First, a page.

Reflecting on Bond University Silicon Valley Study Tour 21–27 August 2016
Today is my last day “in San Francisco” and I am sitting in a little old-fashioned pizzeria in Sausalito looking out over the water as I write this. It is the most beautiful sunny day today and I really would love to be out on the water “sailing the day away” for my last day on this trip. If only I knew someone who owned a boat…
As you may already know, I was prompted to start a blog due to starting my EMBA at Bond University, as well as a number of changes I have been compelled to make regarding the direction I am heading — in both life and business. As part of this “journey” I felt compelled to go on the second Bond University Silicon Valley Study Tour. It was something that I considered would give me the momentum I need to move forward on a number of things I have been contemplating for a while now. The tour has definitely provided me with a lot of “food for thought”.
The tour was focused on innovation and the cultural enablers for innovation. Prior to the tour commencing we were provided with the theory on this topic via readings and videos and throughout the tour we were tasked with integrating the theory with our experiences at each site we visited. Therefore, attendees on the tour were to experience the theories of innovation “in action” and consider how they interact and integrate to form/facilitate innovation.
The first thing that struck me about Silicon Valley is the speed at which start-ups and/or people wishing to launch a start-up are expected to operate at. It is intense and my initial reaction from our first site visit at US MAC and Smith Reed was that I finally understood the reason why a former “colleague” and friend of my husband had expected so much progress in 2 weeks when he came to stay with us and we were working on our start-up for The Fruit Circle. It was not until that point that I could fathom how this “colleague” could consider 2 weeks to be sufficient time to build the platform and launch the business, when it had taken my husband the better part of 18 months (or more) to build up the network of farmers and supporters that we needed to make the whole thing work. I now understand that this way of thinking (and being) aligns with the Silicon Valley mantra of “fail fast, fail early”.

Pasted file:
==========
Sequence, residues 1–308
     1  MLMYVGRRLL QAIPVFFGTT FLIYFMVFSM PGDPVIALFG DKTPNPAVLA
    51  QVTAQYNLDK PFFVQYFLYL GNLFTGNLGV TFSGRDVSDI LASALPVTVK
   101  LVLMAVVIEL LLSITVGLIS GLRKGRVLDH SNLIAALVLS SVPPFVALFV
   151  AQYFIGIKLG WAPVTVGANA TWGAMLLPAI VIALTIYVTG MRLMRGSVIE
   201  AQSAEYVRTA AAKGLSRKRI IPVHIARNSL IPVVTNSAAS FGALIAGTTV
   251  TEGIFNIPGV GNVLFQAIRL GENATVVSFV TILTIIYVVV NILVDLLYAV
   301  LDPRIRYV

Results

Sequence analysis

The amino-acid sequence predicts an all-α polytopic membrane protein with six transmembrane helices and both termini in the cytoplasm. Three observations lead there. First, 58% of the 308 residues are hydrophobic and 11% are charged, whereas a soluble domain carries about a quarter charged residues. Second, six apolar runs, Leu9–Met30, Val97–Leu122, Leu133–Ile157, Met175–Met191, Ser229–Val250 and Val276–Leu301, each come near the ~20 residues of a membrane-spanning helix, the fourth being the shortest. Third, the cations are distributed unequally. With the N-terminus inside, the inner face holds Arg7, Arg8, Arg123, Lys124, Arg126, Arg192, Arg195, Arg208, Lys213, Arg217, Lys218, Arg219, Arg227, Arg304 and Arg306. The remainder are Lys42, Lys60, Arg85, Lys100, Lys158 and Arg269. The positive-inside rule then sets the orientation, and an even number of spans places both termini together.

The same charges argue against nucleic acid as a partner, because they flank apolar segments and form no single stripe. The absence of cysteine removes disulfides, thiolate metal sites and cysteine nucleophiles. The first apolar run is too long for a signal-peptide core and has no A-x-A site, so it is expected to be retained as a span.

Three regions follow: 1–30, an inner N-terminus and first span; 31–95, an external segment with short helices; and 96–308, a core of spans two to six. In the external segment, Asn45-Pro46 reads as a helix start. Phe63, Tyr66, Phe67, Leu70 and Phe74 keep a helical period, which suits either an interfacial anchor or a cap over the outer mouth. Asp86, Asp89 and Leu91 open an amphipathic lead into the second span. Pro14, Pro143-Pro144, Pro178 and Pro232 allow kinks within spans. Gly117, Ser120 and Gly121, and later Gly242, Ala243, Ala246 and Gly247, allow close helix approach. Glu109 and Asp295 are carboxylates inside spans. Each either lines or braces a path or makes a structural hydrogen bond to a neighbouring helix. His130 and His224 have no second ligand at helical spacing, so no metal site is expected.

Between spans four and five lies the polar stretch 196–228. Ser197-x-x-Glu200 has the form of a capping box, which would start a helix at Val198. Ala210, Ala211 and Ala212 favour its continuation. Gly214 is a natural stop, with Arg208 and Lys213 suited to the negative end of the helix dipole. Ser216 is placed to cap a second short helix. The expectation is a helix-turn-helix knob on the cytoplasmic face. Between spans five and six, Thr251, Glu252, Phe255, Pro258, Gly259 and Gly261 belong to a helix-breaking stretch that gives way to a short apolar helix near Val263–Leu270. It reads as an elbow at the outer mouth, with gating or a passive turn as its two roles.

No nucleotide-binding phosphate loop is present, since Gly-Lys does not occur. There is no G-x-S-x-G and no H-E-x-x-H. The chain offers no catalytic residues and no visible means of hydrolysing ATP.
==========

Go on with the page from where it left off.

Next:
After attending US MAC and Smith Reed we attended at Twitter and a Start Up House Pitch Night. Meeting and interacting with Twitter’s engineers was like “coming home” for me, as I have had many partners who were (and still are) engineers and many friends who are engineers. So, for me, hearing Twitter’s engineers talk about networking and the other Silicon Valley mantra of “don’t piss people off” whilst also stating that they need their own private space away from the hustle and bustle of open-plan offices resonated with me. As a lawyer I too need time “away from the water cooler” and time to just be in my own company, contemplate matters and get things done quietly. In this regard, I feel that the focus on an “open-plan workspace to foster collaboration” is not always the best way for things to get done, well at least not for everyone. There is a notion that “engineers require their bat cave” in Silicon Valley, however I feel that this cliché will not serve the community in the long run. At the end of the day everyone still needs to get their work done and, generally speaking, most work gets done after you have collaborated with your team and gone back to your own quiet space to complete your individual tasks. That is, of course, with the exception of the industry accepted “paired programming” that occurs in most organisations.